Also, as this is a fairly new threat, we still still learning what the best measures are to mitigate risk. He compared it to fire regulations, as fire is also pretty contagious, but we learned from past incidents and developed guidelines for materials and building codes that control that risk. This virus will not be any different, it just takes a bit to climb the learning curve and adjust. It was a good message, I thought.

I always get annoyed when I see people complain about the masks, as a sign of overreach by the state. Almost everything we do or buy is controlled for safety. Would anyone feel safer if they were going to restaurants where food safety regulations were not being followed/enforced? What about buying cars that have wheels fall off while we drive them, don't have seat belts, etc.? I don't know if this pseudo-liberalism is a sign of ignorance or just lack of reasoning skills. Maybe both, I suppose.

Two of the masks that I purchased the other day arrived. I was looking to get something that had a flower pattern that resembled Magritte's The Great War. I already made a few out of a fabric with green apples, but I got too lazy about making more, plus I did not find a fabric that resembled The Great War.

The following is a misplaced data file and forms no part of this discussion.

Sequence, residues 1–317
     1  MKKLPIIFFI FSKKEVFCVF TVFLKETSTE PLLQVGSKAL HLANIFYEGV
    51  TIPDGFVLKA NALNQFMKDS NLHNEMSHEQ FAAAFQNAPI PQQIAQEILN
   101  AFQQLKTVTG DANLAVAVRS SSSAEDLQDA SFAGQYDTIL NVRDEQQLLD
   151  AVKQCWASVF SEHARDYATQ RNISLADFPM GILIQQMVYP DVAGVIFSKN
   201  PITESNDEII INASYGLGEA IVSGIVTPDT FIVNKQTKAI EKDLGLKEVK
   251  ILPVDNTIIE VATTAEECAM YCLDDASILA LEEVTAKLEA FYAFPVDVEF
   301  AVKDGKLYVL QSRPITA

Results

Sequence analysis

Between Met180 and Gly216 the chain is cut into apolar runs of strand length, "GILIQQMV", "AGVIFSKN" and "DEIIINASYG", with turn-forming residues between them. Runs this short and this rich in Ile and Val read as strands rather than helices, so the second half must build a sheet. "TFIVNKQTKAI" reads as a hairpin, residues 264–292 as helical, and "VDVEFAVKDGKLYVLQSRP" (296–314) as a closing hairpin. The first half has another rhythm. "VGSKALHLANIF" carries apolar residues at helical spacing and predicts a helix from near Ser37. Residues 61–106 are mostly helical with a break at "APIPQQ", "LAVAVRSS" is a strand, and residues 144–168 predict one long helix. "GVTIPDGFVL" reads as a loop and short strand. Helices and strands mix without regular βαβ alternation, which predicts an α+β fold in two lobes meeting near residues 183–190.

segunda-feira, 3 de agosto de 2020

Version 2.091

While perusing David Netto's Instagram, I realized that Veranda magazine had some small article about Portugal and a few photos. Since I cannot travel physically, I decided that I needed to buy the July/August issue. I made a quick run to Barnes and Noble and, feeling altruistic, made some other purchases of books and magazines, including Live Beautiful, which I had been meaning to purchase for a while. All and all, I spent over $70, only to come home and realize that I had not purchased Veranda magazine, as I had intended.